Luke 19:28-38 28 And when he had thus spoken, he went before, ascending up to Jerusalem.29 And it came to pass, when he was come nigh to Bethphage and Bethany, at the mount called the mount of Olives, he sent two of his disciples,30 Saying, Go ye into the village over against you; in the which at your entering ye shall find a colt tied, whereon yet never man sat: loose him, and bring him hither.31 And if any man ask you, Why do ye loose him? thus shall ye say unto him, Because the Lord hath need of him.32 And they that were sent went their way, and found even as he had said unto them.33 And as they were loosing the colt, the owners thereof said unto them, Why loose ye the colt?34 And they said, The Lord hath need of him.35 And they brought him to Jesus: and they cast their garments upon the colt, and they set Jesus thereon.36 And as he went, they spread their clothes in the way.37 And when he was come nigh, even now at the descent of the mount of Olives, the whole multitude of the disciples began to rejoice and praise God with a loud voice for all the mighty works that they had seen;8 Saying, Blessed be the King that cometh in the name of the Lord: peace in heaven, and glory in the highest. (Lk. 19:28-38 KJV)
Here you have, in a nutshell, the essential story of the events leading up to and encompassing the story of the Triumphal Entry of Jesus Christ. However, there is one facet of this story that is often times the most misunderstood-the donkey that Jesus came riding into Jerusalem upon.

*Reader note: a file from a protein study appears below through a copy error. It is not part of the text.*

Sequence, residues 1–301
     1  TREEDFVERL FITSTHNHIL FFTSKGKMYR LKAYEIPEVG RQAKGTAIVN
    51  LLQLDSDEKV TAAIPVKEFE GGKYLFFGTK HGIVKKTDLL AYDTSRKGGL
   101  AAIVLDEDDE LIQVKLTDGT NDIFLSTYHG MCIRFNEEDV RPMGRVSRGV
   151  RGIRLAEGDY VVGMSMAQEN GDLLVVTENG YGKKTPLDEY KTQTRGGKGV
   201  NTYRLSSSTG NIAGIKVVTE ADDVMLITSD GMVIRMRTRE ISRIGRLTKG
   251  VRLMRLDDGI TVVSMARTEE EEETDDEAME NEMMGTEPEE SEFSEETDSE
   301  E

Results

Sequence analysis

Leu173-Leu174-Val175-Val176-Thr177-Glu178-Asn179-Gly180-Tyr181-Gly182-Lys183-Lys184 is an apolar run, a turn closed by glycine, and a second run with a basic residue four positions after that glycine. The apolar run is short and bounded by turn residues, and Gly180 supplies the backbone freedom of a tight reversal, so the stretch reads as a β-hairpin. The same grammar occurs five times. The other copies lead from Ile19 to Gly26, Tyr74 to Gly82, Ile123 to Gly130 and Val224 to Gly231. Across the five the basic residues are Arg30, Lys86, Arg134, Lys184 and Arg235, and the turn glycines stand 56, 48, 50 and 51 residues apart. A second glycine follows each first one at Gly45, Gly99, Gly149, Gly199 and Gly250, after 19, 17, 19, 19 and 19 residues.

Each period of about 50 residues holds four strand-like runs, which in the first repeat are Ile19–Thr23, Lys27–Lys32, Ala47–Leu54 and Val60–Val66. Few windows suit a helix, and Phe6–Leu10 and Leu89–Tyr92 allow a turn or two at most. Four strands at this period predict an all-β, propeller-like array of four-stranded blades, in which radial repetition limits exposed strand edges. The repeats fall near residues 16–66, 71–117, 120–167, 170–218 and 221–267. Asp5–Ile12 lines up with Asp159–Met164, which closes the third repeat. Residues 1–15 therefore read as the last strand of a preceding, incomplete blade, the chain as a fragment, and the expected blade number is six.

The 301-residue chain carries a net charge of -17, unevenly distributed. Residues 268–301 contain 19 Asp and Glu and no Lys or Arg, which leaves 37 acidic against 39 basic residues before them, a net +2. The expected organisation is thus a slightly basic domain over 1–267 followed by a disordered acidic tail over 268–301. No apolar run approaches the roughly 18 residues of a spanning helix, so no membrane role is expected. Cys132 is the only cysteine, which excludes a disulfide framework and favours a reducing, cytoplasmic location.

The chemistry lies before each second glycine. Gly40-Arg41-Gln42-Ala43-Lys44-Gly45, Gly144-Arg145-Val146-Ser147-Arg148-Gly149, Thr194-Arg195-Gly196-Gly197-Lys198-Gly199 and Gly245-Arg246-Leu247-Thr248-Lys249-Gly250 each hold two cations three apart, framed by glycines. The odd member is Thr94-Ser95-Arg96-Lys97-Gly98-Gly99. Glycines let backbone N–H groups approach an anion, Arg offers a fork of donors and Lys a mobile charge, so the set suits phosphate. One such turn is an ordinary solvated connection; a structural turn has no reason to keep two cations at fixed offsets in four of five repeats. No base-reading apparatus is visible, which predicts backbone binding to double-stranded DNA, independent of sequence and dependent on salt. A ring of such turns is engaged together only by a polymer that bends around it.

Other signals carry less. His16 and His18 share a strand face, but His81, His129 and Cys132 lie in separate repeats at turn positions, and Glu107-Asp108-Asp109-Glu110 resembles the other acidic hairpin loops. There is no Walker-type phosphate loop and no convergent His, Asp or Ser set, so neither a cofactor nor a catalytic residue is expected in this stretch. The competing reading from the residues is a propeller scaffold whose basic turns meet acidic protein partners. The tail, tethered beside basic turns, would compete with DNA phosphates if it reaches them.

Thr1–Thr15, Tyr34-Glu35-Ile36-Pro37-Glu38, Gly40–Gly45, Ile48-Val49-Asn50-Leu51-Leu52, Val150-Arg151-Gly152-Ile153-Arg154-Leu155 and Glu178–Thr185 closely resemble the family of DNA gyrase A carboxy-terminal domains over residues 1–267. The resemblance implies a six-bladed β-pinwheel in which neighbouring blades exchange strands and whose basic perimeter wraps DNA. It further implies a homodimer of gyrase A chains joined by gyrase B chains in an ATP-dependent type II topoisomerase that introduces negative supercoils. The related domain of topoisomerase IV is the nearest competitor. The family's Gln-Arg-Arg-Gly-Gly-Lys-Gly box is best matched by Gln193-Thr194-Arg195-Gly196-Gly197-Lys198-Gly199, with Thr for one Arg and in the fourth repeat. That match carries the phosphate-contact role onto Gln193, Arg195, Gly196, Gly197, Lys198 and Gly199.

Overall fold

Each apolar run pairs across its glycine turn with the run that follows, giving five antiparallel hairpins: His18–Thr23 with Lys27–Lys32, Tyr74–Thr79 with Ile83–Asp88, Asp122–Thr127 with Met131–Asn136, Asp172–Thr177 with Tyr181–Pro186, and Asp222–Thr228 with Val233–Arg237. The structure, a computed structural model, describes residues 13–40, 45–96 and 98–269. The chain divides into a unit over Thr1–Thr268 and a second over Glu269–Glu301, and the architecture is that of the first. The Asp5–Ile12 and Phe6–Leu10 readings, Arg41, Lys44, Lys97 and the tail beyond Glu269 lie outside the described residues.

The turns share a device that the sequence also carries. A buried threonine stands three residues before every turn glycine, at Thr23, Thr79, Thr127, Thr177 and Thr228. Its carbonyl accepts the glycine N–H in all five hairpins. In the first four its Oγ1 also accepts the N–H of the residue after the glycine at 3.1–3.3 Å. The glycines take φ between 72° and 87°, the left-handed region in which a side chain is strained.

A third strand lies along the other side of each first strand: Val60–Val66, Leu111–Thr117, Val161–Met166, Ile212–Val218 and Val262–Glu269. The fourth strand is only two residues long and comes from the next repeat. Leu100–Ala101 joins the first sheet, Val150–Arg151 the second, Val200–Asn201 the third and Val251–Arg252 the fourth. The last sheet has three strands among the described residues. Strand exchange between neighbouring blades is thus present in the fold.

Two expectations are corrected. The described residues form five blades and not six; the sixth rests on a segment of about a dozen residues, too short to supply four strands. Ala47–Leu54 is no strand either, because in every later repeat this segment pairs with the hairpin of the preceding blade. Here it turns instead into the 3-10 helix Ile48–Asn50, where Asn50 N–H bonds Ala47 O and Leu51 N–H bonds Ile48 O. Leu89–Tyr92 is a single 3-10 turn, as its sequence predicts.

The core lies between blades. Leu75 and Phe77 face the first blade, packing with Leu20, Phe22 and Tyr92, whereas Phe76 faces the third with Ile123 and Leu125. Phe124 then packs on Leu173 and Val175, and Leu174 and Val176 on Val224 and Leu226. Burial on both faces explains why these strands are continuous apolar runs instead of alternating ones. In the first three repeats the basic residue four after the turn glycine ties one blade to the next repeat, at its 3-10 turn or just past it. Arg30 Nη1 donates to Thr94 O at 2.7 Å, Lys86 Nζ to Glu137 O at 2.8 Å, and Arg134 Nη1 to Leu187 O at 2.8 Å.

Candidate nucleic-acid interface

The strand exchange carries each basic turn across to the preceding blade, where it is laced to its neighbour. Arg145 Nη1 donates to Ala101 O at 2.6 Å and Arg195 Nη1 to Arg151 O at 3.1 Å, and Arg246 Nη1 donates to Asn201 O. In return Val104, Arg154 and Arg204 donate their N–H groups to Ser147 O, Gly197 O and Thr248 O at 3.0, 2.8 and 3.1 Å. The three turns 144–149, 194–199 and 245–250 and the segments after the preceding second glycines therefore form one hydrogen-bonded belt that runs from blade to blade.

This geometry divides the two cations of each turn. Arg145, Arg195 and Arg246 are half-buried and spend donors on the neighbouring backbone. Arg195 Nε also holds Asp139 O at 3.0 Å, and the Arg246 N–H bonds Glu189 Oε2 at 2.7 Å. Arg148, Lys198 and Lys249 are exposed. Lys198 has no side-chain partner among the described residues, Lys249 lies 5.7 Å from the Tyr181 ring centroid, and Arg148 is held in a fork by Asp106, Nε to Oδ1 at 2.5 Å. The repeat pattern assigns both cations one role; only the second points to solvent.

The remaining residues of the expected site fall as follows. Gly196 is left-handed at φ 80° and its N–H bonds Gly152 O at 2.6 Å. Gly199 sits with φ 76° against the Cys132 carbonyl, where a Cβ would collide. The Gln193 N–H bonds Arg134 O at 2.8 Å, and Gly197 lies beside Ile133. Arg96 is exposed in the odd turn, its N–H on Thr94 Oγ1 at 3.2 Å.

Mind you, we are not going to discuss the many “supposed contradictions” between the Gospels that the secularists attempt to utilize in order invalidate the historical event of Christ’s ride into Jerusalem (perhaps we will address that at a later date). What we will discuss is the misunderstood aspect of the donkey as it relates to Christ’s triumphal entry.
By misunderstood, I mean that the idea of the donkey is commonly associated with a faulty application or idea that is unsupported by scripture. The most common misapplication of the donkey as it relates to the story is found in the attempt to connect a modern connotation of “lowly” with Christ’s position upon the donkey. Where does this connection originate? Directly from a prophecy recorded in Zechariah.
Zech. 9:9 Rejoice greatly, O daughter of Zion; shout, O daughter of Jerusalem: behold, thy King cometh unto thee: he is just, and having salvation; lowly, and riding upon an ass, and upon a colt the foal of an ass.
Here, Zechariah envisions the eschatological figure of Israel’s anticipated King. According to Zechariah, the King (whom we know as Jesus Christ), marked by being just and having salvation, would come lowly, riding upon a donkey, and upon a colt (the foal of a donkey).